Extra Extra!

I’ve avoided doing extra work for a long time after doing a ton of it in my early 20s. As a non-union actor it can be a lot of standing/sitting around for very little, if any, pay.

When you enter the union world, you are treated slightly better. Your hours are monitored and you get paid a decent amount (depending on what it is your working on – more soon..). Still. It can be pretty thankless work.
One thing that is interesting to me, watching background actors in general, is that most of the time they are literally actors who, if anything, are obsessed with being noticed by the director, the crew or the other actors. Or they will simply stand about, or walk from point A to point B as instructed but without any consideration of a character or the film/project overall. Now, its not necessarily a requirement that you be thinking on this level at all as an extra because let’s face it, no one is really going to be looking at you, right?
An extra can help add to the overall vibe of a movie, TV show, commercial etc by literally thinking/pretending they are REAL people in this era, place, space, etc (clear?)
One thing that made me remember this was sitting at a hotel bar last night with my friend Shannon. We were happily sitting there, chatting away. There was a small group of people overall in the bar. The bartender, a hostess, some ladies at one end and a very pulled-together, smart older man sitting at the other end of the bar next to Shannon. I didn’t really notice him all that much, but he was there, enjoying his whiskey on the rocks the whole time. Once, when the bartender made a joke for us, this gentleman made a small, funny comment in response. And that was it. As we were getting ready to leave and paying our bill at the end of our evening another guest showed up and met the gentleman. This guest was a transexual/transvestite prostitute. This was, of course, quite a surprise to us as neither one of us had pegged him for that kind of lifestyle.
And that’s when it hit me.
Imagine this had been a scene in a movie. My friend and I being the lead characters. The bartender the featured day-player and everyone else extras. And imagine that the scene ended JUST before the prostitute entered. Who would have EVER endowed the character of the gentleman, sitting quietly and dignified at the end of the bar with that kind of inner world. He must have been thinking about his friend showing up. He would have been excited, nervous, bored, irritated, who knows. But all the while, unbeknownst to us, he had a full life laid out behind and ahead of him.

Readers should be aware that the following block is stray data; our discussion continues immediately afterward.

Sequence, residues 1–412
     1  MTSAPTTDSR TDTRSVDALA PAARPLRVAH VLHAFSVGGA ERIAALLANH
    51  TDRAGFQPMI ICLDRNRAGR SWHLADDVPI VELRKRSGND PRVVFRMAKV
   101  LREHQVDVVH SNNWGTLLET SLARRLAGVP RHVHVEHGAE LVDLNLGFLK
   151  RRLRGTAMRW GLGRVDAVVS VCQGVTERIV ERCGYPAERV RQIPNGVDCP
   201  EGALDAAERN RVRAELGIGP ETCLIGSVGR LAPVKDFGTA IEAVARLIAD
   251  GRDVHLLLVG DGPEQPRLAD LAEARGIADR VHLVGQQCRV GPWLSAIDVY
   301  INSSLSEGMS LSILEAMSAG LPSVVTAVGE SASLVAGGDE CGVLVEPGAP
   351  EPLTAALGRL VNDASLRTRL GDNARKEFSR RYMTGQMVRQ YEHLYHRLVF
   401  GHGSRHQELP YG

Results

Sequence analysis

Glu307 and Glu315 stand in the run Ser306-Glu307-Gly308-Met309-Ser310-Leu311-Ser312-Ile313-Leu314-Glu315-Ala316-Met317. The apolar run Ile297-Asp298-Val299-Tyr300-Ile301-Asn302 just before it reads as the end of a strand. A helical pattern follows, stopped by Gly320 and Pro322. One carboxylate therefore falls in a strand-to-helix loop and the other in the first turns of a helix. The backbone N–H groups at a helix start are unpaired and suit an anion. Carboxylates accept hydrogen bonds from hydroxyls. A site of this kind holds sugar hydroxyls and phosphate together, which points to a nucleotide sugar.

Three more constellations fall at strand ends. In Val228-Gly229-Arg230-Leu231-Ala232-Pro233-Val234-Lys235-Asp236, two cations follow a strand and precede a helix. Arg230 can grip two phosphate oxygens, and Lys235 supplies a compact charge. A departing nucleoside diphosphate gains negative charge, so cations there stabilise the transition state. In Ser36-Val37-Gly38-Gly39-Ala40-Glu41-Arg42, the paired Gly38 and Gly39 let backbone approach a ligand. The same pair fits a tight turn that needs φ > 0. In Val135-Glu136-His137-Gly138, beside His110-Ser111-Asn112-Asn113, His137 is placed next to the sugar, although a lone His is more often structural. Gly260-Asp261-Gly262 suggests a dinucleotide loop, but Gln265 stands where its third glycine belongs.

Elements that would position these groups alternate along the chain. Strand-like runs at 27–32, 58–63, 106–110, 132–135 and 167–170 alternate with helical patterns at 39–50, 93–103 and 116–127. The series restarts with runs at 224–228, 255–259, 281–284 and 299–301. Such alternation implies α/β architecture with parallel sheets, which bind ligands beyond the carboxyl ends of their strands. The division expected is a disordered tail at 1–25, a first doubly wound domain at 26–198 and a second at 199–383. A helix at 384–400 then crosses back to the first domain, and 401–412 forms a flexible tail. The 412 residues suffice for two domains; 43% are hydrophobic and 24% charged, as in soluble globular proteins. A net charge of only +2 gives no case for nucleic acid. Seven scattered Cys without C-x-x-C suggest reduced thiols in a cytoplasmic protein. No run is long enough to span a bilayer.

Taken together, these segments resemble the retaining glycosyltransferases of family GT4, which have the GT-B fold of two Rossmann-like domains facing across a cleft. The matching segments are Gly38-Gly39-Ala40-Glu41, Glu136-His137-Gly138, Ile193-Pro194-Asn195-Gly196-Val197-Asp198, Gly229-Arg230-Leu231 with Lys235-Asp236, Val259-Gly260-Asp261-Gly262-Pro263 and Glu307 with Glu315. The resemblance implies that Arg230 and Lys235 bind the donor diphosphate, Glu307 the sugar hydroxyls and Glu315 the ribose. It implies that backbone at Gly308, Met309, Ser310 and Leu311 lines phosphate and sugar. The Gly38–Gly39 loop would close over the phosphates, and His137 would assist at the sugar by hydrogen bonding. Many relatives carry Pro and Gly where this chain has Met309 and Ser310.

Now imagine getting cast as an extra in that role in this little movie. At first, you might be disappointed that you haven’t been given a bigger role, blablahblah. But if you think of your role in as much depth as the character of the gentleman… imagine all the fun you could have!
Its important to remember that at no point were we aware of the inner life of this man. But he had one all the same. So as an extra you will want to be careful not to phone it in or try and alert everyone on set of all the amazing work you’re doing. As with the real life gentleman, it’s a very private affair. But I guarantee that when the audience watches that scene, they’ll FEEL the difference. Nobody will necessarily know that you’re adding to the world by having a the life of your character mapped out but it will imbue the scene with some reality and therefore we’ll buy into the whole shebang even more easily than we would have before.
Here are some things you could think about if you’re playing an extra:
Where did your character just come from?
Where are they going after this?
Are they married/single/engaged?
Did they just break up with their partner?
Did they just lose all their money?
How long have they been here?
Do they like their life?
Do they like people?
Do they have an illness/cold/allergies?
Are they on medication?
The list goes on and on.
Asking a series of simple, immediate questions like this can give you all kinds of information to fill your mind with when the camera roles. Even just thinking about these questions whilst the cameras are rolling is going to make you look more “real” than just sitting there watching the whole thing play out from the corner of your eye. AND, whilst you’re doing all this amazing, secret acting work, remember to keep one ear open to the technical aspect of the film/project so that you can do what is required of you.
*Please remember, one of the most important things about being an extra is the ability to listen and do exactly what is asked of you without question or difficulty. NEVER answer the director/1st AD/2nd AD back. Just do what you’re told – it’ll help the whole project along and make you look professional and courteous and like someone worth working with.
**Here’s a video honoring the kind of work I’m talking about:

About The NYC Actor

Angela Dee is a professional actress working in Film, Theatre, TV, Commercials and Voiceovers. She currently lives in New York. www.angeladee.com

2 Responses to “Extra Extra!”

  1. >Thanks Ricardo – good input!!

  2. >This is true. I do background work (union) and take it as seriously as principle work. I have done core background and even got featured and bumped because of this. Once the right people get to know that you are capable and dependable, doors can open. Some people say background work is a waste of time, I say, "Hey you never know."

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